Experimental trumps spiritual

Resurgences of older techniques & materials throughout various phases of grape growing/winemaking are in surplus as of late. People are reverting back to clay & indigenous woods (palm, chestnut, etc.), longer skin macerations, reviving autochthonous grape varietals on the verge of extinction, and plenty more. The results are, if done correctly, captivating. In our ever-lusting thirst for purpose, experimentation, and melding modern with centuries-old tactics and methods, are there occurrences that take this quest too far?

I recently hit up Chicago toting Jill Mott Selections - a slew of wines from Asturias, Bierzo, and Segovia that certainly satisfied the windy city. While there, I met up with my crew; a band of folks who deeply care about provenance, history, process, and lore. When they taste wine, they go deep - I miss this interaction more than I can utter. Educational bottles were being cracked in earnest, but also with acute standards & meaning. A jolly fellow decided to lug a magnum from his cellar that bode the region Arbois. That's all I will mention for now. An indigenous grape was carefully fermented & aged in a vessel that is receiving accolades for its unbeknownst foresight when first crafted thousands of years ago. The clay this wine was reared in hailed from & was fired some 3,800 km away. This hasn't been the first instance of curiosity/study breeding an ambrosial delight and we all know that so many of the world's greatest wines are not born in even remotely local vessels.

I want to be very clear; I thought the wine was delightful to drink & tasting it decanted versus not decanted was a decent experiment to put it lightly. The native Arbois red grape in Georgian qvevri had an air of disingenuousness about it, certain pieces missing, or maybe it was speckled with false hopes. My crux was that the educational experiment was joyful but didn't seem truthful. Why did this matter? It bothered me the entire flight home & it shouldn't have. The wine was pretty and fun to drink in the company of great comrades in life. Wines from the U.S. are aged in French oak all the time! People in France are aging wine in Spanish clay and in some cases, this clay was dug of  Chinese soil and fired in Spain!

I guess I just pondered this Arbois' potential in wood grown in close proximity to its spiritual home; Neuchatel or Vosges oak perhaps. Something seemed all too commercially exploited about an intrinsic, isolated place such as Georgia (that I already fear will succumb to capitalistic bait) shipping a 1,000L vessel across Europe. Clay feels so alive, historic, rustic, and humble. This experiment felt like a well-read peasant knowing the nobility is trying to blow a fast one by her.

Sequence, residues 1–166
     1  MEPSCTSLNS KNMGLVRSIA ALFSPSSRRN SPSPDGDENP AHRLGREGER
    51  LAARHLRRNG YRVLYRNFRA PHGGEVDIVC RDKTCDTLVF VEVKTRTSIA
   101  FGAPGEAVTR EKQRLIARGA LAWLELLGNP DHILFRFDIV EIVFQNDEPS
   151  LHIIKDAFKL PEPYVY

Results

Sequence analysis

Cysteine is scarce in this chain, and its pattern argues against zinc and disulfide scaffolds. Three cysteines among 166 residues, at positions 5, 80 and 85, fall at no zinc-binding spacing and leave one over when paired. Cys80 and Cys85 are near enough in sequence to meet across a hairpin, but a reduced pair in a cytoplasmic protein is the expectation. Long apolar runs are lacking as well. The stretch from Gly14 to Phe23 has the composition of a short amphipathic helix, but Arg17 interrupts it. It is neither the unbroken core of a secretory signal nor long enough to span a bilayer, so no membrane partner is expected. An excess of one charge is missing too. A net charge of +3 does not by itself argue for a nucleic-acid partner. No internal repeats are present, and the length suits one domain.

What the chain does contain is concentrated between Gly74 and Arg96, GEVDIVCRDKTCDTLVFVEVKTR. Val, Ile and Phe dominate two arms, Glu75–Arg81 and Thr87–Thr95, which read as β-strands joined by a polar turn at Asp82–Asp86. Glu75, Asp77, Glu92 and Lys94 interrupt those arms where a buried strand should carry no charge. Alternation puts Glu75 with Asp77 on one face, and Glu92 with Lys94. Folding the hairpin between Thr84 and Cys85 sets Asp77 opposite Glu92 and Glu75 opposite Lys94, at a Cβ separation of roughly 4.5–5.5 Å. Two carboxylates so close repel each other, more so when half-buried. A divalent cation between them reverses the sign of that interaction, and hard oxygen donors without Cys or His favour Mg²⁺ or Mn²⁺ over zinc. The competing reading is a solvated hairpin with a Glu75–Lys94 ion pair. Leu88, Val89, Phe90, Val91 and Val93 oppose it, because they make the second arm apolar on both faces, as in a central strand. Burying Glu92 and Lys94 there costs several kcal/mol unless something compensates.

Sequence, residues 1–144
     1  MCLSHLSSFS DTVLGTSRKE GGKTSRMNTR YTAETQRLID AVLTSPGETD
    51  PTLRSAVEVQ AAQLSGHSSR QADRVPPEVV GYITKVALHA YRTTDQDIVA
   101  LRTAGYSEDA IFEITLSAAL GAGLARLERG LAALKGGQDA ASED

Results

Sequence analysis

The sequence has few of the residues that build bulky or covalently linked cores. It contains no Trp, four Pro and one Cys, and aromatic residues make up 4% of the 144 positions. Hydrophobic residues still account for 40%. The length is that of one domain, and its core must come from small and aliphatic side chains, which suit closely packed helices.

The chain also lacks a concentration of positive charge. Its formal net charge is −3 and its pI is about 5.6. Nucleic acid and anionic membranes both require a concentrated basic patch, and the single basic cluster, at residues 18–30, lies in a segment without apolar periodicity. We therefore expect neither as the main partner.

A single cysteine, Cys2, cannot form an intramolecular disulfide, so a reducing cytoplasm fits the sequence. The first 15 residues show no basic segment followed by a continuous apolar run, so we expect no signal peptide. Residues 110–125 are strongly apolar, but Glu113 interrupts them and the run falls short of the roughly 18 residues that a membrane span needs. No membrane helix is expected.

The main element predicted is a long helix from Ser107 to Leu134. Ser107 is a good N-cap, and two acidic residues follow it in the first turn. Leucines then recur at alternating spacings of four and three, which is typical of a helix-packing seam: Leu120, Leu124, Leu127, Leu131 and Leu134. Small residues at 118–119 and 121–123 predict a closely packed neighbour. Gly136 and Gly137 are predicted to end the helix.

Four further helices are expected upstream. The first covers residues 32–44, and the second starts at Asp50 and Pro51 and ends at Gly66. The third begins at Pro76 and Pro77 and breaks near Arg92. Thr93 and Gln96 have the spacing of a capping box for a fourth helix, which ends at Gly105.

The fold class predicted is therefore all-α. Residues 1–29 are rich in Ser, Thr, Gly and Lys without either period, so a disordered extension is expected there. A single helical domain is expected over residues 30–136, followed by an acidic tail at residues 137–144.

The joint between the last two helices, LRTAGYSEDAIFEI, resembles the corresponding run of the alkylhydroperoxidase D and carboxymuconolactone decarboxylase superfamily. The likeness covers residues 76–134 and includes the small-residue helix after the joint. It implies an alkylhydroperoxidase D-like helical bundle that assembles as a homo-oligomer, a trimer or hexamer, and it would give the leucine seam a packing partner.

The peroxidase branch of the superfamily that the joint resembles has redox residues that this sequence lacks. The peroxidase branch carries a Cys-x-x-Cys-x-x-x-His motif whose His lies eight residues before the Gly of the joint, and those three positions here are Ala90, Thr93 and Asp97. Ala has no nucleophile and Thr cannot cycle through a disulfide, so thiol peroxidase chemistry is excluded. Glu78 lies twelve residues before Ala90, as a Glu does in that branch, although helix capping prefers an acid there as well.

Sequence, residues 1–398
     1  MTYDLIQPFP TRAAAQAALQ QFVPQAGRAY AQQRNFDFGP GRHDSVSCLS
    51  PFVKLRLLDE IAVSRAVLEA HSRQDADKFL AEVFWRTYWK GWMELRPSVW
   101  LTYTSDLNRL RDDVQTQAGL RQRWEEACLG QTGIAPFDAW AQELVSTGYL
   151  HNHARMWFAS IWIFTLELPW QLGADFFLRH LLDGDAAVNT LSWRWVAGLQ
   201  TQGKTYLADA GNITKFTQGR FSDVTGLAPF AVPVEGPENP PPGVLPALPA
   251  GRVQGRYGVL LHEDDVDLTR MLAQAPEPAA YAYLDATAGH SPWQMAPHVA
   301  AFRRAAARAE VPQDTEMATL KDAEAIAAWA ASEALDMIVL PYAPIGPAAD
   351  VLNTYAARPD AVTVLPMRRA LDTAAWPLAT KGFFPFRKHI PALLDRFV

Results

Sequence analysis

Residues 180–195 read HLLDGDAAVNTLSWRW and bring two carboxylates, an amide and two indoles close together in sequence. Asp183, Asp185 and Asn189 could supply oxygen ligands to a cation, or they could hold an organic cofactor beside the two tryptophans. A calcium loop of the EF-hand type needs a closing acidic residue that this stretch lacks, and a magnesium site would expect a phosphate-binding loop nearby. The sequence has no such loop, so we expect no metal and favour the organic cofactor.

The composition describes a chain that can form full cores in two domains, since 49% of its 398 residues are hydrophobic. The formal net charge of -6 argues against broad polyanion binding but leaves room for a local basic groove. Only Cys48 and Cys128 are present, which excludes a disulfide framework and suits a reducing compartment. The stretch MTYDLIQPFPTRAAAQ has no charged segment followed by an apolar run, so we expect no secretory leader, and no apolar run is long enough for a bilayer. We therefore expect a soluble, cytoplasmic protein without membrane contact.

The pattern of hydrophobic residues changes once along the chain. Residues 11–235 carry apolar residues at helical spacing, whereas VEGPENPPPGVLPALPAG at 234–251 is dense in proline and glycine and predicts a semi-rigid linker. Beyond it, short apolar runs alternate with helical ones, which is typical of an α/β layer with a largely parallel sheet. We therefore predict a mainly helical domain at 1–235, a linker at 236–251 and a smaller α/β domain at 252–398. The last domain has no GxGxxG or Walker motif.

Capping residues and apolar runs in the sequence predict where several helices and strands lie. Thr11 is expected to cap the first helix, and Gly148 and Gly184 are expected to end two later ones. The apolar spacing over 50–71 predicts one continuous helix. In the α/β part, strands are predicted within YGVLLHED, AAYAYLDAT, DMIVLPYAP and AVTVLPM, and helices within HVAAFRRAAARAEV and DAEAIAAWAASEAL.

End all be all, the wine was nothing short of delicious but supplied a lack of spiritual authenticity. 

Blind tasting + current terroir notions

Blind tasting is a rather brilliant skill that requires sagaciousness and phenomenal sensory memory. A dash of good luck doesn't hurt either.

Lately, whenever I blind taste, I'm fascinated with our current terroir associations. A word that encompasses centuries if not millennia of distilling evolutionary & cultural change seems surely marked with modern-day viticultural & enological advances. If I polled 100 sommeliers from around the world and asked them to describe [name a famous worldly region here], I'm certain I would receive succinct, fairly accurate descriptors via their experiences with said region. These adjectives can be stripped down to reflect a genesis worth mentioning: Cultured yeasts, temperature-control, stainless steel, excessive SO2... In reality, the majority of our sensory memories we use to judge and decipher wines are bulked with technological advancements that do anything but shine light on true fields, surroundings, natural/honest cellar practices, and vintage variation. Hmmmm. Is terroir the correct word then?

The above elements of wine making can make for delicious wine no doubt, but a direct reflection of where the fruit/wine is from? Hundreds of years of wisdom collected cum snapshot of a place? Nowadays we're familiar with winemakers having access to great quality organic and biodynamic fruit, fermenting via indigenous yeasts, fermenting/ageing in vessels native to their region (chestnut/acacia/etc.), using less SO2 than in the past, and dealing with warmer climates thus able to pick certain grapes in northerly climates with more consistent, earlier ripening cycles. This is just the tip of the iceberg. Intrinsic winemakers are delivering wines reminiscent of Vouvray but hailing from the Central Coast in California! Is this what California is capable of? Is this the beginnings of new terroir in action in the making? What about the hundreds of producers throughout Europe and beyond crafting the most honest and challenging natural wines of our times that do not reflect terroir based on a mere 50 years of sensory memory but a most pure expression of their land and surroundings and availabilities?

All this to say, I think the word, "terroir" will be even more leaded 100 years from now than it is today and just as yeasts are so intricately distinct from one parcel to the next, there will be thousands more terroirs to distinguish between. Thank you to all the vignerons who farm and live their grapes and vines. Thank you for giving us these thousands of new intricacies to even attempt to discern. We'll need all the luck we can when we decide to brown bag...